No end in sight for Colchester scheme after envelope and glazing contractors pull out of job
One of superstar architect Rafael Viñoly’s first UK projects is nearly £3m over budget and likely to be completed a year late after cladding and glazing specialists withdrew from the scheme.
Work has virtually stopped on the Visual Arts Facility in Colchester, being built by Banner Holdings, after subcontractors Richardson Roofing and Eiffel pulled out because of technical problems and trouble getting paid.
As the building is not watertight, work has largely ground to a halt on the interior.
The job went £1.3m over budget last year when costs rose from £16.5m to £17.8m because of a delayed start and costs incurred in strengthening the roof after it dipped more than anticipated.
Client Colchester council recently said the building would cost £1.5m more to finish. It is believed this could rise further.
The cause of the overruns centres on the cladding and roofing. It has emerged that Richardson Roofing, the specialist responsible for the gold-coloured roof and wall cladding, retired at the end of last year when it reached the £2.1m limit set out in its letter of intent, a pre-contract agreement that specifies the value of the work rather than what exactly has to be done. Areas of the roof and walls are unfinished.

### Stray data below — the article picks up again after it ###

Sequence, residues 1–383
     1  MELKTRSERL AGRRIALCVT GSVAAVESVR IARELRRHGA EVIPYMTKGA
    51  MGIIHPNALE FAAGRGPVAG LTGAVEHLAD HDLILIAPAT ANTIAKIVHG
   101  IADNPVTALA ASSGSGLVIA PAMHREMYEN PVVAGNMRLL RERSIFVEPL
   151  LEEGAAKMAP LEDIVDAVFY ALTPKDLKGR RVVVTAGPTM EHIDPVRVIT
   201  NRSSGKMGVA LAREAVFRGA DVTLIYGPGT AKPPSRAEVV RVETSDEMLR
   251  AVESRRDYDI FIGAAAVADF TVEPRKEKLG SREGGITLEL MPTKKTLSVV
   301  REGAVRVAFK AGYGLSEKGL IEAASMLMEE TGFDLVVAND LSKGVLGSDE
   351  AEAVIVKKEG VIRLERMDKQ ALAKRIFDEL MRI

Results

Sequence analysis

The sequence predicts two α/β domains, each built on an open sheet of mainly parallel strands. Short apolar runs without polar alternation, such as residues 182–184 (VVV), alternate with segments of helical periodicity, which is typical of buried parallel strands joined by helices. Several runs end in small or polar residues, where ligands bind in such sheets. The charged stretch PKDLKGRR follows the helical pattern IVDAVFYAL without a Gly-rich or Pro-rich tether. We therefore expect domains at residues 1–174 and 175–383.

It is understood that the council is liable for the extra cost because the contractor, Banner Holdings, has also been working to a letter of intent rather than a formal contract. Martin Hunt, the recently appointed deputy leader of the council, said: “There was never a contract that said it would be built for ‘X’. This is something we will investigate.”
George Richardson, director of the roofing firm, said deflections in the roof made it “impossible” to match up the standing seams where these met the walls. He added it would cost another £700,000 to finish the job.
Glazing specialist Eiffel left the job last year after deflections meant it could not fit the roof glazing. A second firm was appointed but went bust.
The council and Banner Holdings are locked in negotiations over how to finish the project. Neither would comment on the likely cost or timescale of the work.
John Drew, principle at Rafael Viñoly Architects in the UK, said: “It’s a complicated building. Wrapping something straight around something curved is obviously difficult.”
vinoly’s struggle to build in the uk
Performing Arts Centre, Leicester
Theatre with sliding internal walls. Handover was meant to be at the end of last year but is now delayed until this August.
Walkie-Talkie Tower, London
Viñoly’s tower block, variously described as “oppressive”, “ugly” and “a child’s concept” finally got planning permission last year but is now subject to review.
Battersea Power Station, London
The enormous 300m-high translucent funnel towering over a much-loved London landmark drew gasps of horror from the architectural community when it was unveiled last month. Planning permission and funding remain in question.
Have your say on Viñoly’s work at www.building.co.uk/whatyouthink